I am 9 years old, maybe 10.
For years, I’ve watched in envy as my father and my brother happily swim out in the ocean together during family beach trips.
Oh, I’ve tried to join them, gathering my courage and braving the waves, only to be put through a blender and spit back out on the sand every time.
My father has told me the secret maneuver. He’s demonstrated it many times. I’ve watched him and my brother do it successfully hundreds of times.
I’ve been too afraid to try.
Today, I’m so tired of running from the waves, I can’t help myself.
I have to try.
As I stand in the surf and face an on-coming wave, everything within me screams, “Run! Run! It’s going to tumble you!”
But at the last possible second, as the wave arches over me, I dive into the base. As hard as I can.
To my astonishment, I pop to the surface—on the other side of the breakers!
I body surf to shore and try again.
It works, again. Like magic.
I spend the entire afternoon taunting the very waves that once terrified me, learning just how close to let them come (ooops — not that close!) before I dive right through them.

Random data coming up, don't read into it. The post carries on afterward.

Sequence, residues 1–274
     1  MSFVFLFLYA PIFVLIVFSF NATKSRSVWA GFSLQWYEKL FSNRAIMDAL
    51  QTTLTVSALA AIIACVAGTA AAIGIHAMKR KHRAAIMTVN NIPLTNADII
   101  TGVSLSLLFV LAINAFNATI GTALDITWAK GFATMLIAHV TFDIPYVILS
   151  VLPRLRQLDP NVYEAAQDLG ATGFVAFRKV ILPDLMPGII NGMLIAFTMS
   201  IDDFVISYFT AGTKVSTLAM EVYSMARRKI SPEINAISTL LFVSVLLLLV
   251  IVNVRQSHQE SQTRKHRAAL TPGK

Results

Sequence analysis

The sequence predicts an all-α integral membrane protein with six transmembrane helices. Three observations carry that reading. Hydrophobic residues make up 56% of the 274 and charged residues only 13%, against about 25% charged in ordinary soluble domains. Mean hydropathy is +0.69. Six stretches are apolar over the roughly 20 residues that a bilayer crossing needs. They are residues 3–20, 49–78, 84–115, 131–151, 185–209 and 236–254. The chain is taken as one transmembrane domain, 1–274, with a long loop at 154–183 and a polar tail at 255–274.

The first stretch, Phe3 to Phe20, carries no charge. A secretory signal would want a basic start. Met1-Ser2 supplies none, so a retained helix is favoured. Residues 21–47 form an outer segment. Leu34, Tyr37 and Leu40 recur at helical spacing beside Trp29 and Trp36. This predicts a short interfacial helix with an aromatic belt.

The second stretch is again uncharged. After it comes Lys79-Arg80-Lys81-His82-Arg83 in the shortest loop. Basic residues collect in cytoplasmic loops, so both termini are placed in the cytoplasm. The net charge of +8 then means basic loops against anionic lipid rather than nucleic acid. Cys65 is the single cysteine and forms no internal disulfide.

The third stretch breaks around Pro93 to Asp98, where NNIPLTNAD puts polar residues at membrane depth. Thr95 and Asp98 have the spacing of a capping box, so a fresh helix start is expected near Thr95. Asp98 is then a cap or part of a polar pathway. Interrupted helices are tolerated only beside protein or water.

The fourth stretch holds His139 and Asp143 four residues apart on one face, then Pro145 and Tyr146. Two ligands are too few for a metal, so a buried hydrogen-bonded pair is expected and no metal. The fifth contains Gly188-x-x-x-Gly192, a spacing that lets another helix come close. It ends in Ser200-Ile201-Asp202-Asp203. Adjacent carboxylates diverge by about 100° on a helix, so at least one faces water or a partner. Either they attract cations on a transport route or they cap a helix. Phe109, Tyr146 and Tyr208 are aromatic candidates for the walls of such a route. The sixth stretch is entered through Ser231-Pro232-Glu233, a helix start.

Hope for Highly Emotional People
As I’m learning how to be less easily overwhelmed by emotion, this childhood memory has been a useful metaphor.
The word “overwhelm” means
- to cover or bury beneath a mass (such as floodwaters, debris, or an avalanche)
“Overwhelmed” comes from a word meaning “to bend all the way over” and another word meaning “to cover.”
If you’re a highly emotional person who also gets easily overwhelmed, perhaps you recognize that feeling of being smacked over and suffocated by feelings you didn’t ask for but suddenly have to deal with!
Healthy detachment is a lot like diving into the base of a wave.
It’s a way to
- PUSH PAUSE.
- get away from the flood of adrenaline that will blend you up and spit you back out dazed and frazzled.
- go some place safe.
The Promise of PUSH PAUSE
As we dive into the base of an emotional wave, we stay so much calmer than when we let the wave bowl us over.
- We’re not stuffing our feelings.
- We’re not detaching from our bodies in an unhealthy way.
- We’re not intellectualizing or people-pleasing.
We are taking a time-out.
We are making this promise to ourselves:
I will process my emotions, but I’ll do so on my terms, not theirs.